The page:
The Santa Anita Derby has long been a great race. The list of legends that have won this race over the years is remarkable - Triple Crown winner Affirmed, Winning Colors, Sunday Silence, A.P. Indy, Point Given and, more recently, dual Classic winners I'll Have Another and California Chrome. Even last year's winner, Dortmund, did the race proud - and would have done more if it weren't for his generationally talented stablemate American Pharoah.
The race went through a dark period for a while when it was run on a synthetic track and California horses weren't at their best. It's back now, though, and California sits at the top of the three year old heap these days. There are some very nice horses in this race - and the two best California-based runners this year may very well be running their final prep elsewhere - Nyquist won the Florida Derby impressively and will likely be the Kentucky Derby favorite, and Cupid runs in next weekend's Arkansas Derby.
There are 10 horses entered for this year's edition of the Santa Anita Derby. At the risk of oversimplifying things, we are going to limit our focus here on just three. These three all know each other well - they were the Top 3 finishers in the San Felipe Stakes in their last outing. Anything can happen in a horse race, but it would not be particularly shocking to see them finish in the Top 3 again here. They are certainly head and shoulders ahead of the rest of the field.
Mor Spirit, Gary Stevens, 8/5: You certainly can't argue with the connections of this runner. Trainer Bob Baffert has won this race seven times previously, including last year. Gary Stevens has won the race nine times, including with two horses that he went on to win Triple Crown races aboard. Baffert and Stevens have won this race three times together - with Indian Charlie and General Challenge in 1998 and 1999 and with eventual Preakness and Belmont winner Point Given in 2001. Now Baffert is at the top of his game. Stevens - 53 years old, riding on a fake knee, and three years removed from a five-year retirement - doesn't ride a heavy schedule at all, but he is still as dangerous as they come in big races and is a real asset with a horse that he gets along with. This horse was the top Derby hope in the Baffert stable after wins in the Los Alamitos Futurity in December and the Robert B. Lewis in February. Those hopes dimmed somewhat, though, with his effort in the San Felipe. Danzig Candy set the pace, and Mor Spirit just couldn't chase him down, ultimately finishing second. It wasn't a great race by any means for the horse, but it is one that he could easily have learned from and advance from. Ultimately, it still feels like this is the best of the horses in the field on their best day, and he is a deserving favorite - and my pick in this one.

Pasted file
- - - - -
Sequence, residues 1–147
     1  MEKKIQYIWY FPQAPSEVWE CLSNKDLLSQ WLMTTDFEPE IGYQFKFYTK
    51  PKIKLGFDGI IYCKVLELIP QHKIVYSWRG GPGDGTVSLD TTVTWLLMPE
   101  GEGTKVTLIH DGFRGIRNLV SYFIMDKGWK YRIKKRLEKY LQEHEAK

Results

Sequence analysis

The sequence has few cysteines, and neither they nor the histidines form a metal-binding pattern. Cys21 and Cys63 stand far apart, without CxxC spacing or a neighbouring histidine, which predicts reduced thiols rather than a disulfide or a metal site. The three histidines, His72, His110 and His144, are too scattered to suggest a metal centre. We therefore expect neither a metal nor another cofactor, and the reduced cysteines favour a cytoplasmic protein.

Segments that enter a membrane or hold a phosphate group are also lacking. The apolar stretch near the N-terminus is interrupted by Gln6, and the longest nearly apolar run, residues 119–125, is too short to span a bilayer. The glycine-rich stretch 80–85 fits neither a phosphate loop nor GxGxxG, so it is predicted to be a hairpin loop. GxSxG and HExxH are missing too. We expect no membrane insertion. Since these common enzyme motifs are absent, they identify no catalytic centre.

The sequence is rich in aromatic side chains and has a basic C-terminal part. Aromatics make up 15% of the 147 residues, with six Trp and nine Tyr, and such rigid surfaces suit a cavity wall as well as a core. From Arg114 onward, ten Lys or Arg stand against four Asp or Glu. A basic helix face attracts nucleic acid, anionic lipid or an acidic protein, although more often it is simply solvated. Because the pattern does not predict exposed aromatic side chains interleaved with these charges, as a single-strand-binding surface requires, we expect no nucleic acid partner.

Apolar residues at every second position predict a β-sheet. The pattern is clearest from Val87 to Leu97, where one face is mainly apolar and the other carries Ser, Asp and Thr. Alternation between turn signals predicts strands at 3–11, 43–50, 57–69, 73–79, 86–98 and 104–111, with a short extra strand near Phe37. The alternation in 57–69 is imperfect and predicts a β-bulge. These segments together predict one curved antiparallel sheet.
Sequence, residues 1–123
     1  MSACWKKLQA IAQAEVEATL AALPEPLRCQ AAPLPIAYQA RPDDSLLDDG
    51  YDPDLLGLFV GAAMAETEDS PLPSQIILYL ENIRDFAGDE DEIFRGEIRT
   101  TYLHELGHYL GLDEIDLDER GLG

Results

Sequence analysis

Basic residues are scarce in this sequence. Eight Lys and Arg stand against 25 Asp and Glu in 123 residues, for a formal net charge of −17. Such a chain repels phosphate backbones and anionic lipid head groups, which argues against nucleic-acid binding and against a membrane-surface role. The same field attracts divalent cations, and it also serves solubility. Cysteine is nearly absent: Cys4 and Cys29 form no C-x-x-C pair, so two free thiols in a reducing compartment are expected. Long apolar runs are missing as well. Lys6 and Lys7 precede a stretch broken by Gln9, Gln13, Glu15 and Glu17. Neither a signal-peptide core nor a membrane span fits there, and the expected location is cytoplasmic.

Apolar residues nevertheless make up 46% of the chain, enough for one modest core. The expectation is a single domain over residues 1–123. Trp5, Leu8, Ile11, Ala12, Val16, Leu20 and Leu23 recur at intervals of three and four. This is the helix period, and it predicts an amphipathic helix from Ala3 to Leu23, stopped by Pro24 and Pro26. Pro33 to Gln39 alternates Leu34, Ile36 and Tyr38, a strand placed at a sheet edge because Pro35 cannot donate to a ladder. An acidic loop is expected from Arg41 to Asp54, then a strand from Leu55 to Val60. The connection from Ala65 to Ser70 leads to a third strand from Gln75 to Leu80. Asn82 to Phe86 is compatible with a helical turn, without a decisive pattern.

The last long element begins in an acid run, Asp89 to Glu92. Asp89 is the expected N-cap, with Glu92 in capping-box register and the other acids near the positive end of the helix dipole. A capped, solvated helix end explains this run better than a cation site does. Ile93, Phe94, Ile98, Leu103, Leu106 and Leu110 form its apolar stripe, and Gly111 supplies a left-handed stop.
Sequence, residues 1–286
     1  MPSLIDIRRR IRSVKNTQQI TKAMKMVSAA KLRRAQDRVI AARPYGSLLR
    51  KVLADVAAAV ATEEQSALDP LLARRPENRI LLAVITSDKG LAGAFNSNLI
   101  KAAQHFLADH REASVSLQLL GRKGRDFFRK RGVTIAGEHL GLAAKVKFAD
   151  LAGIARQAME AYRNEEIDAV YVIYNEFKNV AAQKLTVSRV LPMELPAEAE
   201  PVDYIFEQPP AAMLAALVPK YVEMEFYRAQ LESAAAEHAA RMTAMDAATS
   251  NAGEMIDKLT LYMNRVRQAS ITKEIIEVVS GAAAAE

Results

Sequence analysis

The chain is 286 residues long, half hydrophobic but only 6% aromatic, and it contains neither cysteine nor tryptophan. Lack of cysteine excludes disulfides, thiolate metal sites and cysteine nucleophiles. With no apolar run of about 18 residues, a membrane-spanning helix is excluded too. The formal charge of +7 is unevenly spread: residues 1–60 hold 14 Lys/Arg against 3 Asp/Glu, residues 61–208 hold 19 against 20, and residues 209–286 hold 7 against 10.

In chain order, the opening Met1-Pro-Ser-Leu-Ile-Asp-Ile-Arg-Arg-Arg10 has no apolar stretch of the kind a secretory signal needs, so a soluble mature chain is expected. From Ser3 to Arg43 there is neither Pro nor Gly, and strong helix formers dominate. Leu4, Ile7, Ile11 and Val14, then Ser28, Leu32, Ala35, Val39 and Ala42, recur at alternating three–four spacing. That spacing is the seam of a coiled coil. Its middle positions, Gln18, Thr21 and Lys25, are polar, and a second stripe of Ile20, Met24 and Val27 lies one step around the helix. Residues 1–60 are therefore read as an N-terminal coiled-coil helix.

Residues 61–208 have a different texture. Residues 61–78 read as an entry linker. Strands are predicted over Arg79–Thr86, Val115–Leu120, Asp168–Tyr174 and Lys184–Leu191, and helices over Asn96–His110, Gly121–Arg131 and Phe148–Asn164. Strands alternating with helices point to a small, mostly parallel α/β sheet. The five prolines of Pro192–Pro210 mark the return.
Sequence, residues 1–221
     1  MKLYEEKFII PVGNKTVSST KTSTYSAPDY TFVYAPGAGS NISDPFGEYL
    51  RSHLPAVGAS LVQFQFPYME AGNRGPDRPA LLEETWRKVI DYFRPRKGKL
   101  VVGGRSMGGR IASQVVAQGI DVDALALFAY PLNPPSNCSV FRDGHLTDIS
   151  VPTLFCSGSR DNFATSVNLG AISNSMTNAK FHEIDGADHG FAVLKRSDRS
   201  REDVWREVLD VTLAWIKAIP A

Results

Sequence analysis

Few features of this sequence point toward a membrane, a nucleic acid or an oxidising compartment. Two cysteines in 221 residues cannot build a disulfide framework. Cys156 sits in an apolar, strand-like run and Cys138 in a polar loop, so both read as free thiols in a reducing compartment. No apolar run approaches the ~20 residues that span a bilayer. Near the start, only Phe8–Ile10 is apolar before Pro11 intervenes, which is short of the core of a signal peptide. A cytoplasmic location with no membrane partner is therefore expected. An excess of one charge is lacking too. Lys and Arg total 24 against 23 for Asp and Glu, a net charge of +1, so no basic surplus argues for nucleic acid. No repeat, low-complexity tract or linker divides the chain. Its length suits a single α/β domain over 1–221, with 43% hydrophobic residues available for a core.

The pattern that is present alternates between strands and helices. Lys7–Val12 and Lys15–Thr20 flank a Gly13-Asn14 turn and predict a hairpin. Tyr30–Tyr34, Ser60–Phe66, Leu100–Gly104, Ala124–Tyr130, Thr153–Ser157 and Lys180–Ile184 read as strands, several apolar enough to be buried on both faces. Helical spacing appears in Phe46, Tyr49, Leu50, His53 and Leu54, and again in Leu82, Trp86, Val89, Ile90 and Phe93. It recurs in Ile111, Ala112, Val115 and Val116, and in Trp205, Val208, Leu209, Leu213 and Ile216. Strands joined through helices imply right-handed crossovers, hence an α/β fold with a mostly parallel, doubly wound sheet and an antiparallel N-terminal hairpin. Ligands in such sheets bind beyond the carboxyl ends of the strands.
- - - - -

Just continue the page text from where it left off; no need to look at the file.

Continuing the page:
Danzig Candy, Mike Smith, 9/5: I spent a long time in the preview of the last horse talking about the legendary older jockey, so I should do the same here. Smith is just three years younger than Smith, and he's only slightly more active these days than Stevens is. However, he's every bit as dangerous in the biggest of races. A Stevens-Smith showdown is never a bad thing, and it adds a great wrinkle to this race. This horse had a disastrous eighth-place debut in November but bounced back to win impressively in December when Smith took over the ride. He then won an allowance race in February before making his stakes debut in the San Felipe. His win there was somewhat unexpected, but it was no fluke - he set a fast early pace and never gave it up. He posted a bullet work on a busy work day since that race, too, so his form is definitely good. He'll be setting the pace, and he's obviously dangerous.
Exaggerator, Kent Desormeaux, 4/1: This son of Curlin, ridden by Kent Desormeaux and trained by his brother Keith, is a very experienced horse - this race will be his ninth career start and seventh graded stakes appearance. He has won two stakes and has some solid results as well - a respectable fourth after a troubled trip in the Breeders' Cup Juvenile and a solid second to Nyquist in the San Vicente. In the San Felipe he was bumped hard early on. He recovered nicely and was second in the stretch, but he drifted pretty badly and Mor Spirit was charging so he lost a spot to third. It was a solid race, but I see him as a clear step behind the top two.
Long shot - Smokey Image, Victor Espinoza, 15/1: Espinoza has won this race twice and has won five of the last six Triple Crown races - including all three last year - so any horse he is on this time of year is worth a look. This horse was undefeated in six starts coming into the San Felipe. He was taking a step up in class, but he had trained very well and seemed ready. He just didn't fire on the day at all. He got pushed around and forced wide, and he weakened down the stretch. He was never a threat and wound up fifth in the six-horse field. He is better than that, though, and has again trained very well leading up to this race. He will be useful to use in exotics. Hopefully he gets a piece of the action and drives up the payoffs otherwise depressed by the low odds of the favorites.
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Read more articles by Trevor Whenham
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